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05 June 2012

Framing Encounter

As I keep telling you, I'm enjoying my free month of Netflix. Yesterday, I finished Ken Burns' The War. I am not a war buff, and I'm not all that interested in military strategy or history, which is probably why I didn't watch this film when it originally aired on PBS several years ago, but I must say, it is a great documentary. Burns and company are adept at taking would-be dry material and infusing it with personal significance. Mills wrote that sociology is the intersection of history and biography. By this definition, Burns is a sociologist par excellence.

I was struck, however, with the way that several who were interviewed for the film spoke about the encounters between returning veterans and civilian women. We are all familiar with the iconic photograph from Life magazine of the kiss in Times Square on V-J Day.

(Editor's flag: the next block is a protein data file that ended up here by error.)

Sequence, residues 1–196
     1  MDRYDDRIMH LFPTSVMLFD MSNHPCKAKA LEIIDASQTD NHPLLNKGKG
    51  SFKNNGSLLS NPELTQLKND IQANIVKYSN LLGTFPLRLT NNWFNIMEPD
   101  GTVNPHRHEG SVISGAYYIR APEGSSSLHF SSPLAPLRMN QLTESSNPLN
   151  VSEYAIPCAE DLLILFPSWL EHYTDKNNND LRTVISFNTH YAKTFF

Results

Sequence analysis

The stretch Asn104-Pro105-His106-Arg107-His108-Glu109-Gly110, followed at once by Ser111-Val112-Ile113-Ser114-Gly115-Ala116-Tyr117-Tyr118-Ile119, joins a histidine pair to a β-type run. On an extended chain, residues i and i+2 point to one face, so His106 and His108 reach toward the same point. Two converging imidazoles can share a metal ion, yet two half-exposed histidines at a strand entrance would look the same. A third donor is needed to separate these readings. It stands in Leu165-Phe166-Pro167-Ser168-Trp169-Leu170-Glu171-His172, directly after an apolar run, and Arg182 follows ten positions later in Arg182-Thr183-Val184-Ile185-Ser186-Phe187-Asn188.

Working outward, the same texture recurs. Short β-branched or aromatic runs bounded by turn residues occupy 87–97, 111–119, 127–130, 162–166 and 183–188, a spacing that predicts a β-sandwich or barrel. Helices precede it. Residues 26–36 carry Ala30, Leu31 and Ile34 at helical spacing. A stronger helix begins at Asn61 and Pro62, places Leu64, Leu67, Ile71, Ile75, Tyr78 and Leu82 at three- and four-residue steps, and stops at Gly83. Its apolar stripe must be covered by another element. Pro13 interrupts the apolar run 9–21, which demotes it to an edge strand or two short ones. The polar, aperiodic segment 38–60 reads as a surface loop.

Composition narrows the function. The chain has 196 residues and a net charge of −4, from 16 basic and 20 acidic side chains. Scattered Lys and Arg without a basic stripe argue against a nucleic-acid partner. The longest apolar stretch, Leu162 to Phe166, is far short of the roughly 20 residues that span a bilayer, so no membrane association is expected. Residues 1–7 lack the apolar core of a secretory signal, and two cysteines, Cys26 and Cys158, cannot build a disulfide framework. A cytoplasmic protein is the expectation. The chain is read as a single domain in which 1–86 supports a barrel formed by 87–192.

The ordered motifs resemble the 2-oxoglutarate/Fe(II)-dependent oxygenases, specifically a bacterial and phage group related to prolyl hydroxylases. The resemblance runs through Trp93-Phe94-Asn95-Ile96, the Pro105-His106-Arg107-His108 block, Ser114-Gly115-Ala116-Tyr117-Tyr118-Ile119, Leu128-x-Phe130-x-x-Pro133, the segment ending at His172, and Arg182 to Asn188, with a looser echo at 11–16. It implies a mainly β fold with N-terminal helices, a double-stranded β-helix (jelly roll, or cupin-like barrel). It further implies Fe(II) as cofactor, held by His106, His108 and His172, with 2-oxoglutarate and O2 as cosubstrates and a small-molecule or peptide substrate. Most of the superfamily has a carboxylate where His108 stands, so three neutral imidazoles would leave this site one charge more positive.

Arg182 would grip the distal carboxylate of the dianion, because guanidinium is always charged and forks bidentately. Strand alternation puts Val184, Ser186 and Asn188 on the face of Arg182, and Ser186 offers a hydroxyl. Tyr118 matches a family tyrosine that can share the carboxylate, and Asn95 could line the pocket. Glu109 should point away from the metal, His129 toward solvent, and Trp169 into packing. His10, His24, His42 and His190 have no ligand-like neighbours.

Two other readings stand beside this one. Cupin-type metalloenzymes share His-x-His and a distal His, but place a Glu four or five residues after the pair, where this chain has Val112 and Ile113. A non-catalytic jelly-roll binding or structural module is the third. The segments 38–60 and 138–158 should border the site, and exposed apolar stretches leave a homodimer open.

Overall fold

For many, particularly of that era, it invokes feelings of pride and nostalgia. From the contemporary perspective, however, it should invoke a tinge of horror. In the final episode of The War, a woman recounts a memory of being mobbed at a train depot by servicemen returning from the Pacific Theater. She had to lock herself in a room with a girlfriend until an officer corralled the men back onto the train. She remembered the tale with a smile and a laugh, but it was clear that at the time of the event, she was quite terrified. A veteran in the same episode recalls how one could "cop a feel" stateside without fear of reproach or punishment.

Today, we would define such things as sexual harassment at the very least but more accurately as sexual assault. I'm wrestling with whether the dismissal of these acts of deviance was/is an effect of the historical (and highly patriarchal) era or of the suspension of norms during wartime. I suspect that it is an interaction effect of both. Regardless, it's best if we stop romanticizing the whole thing. Men were kissing and groping--and undoubtedly worse--women against their will. By any definition at any time, that is harmful.

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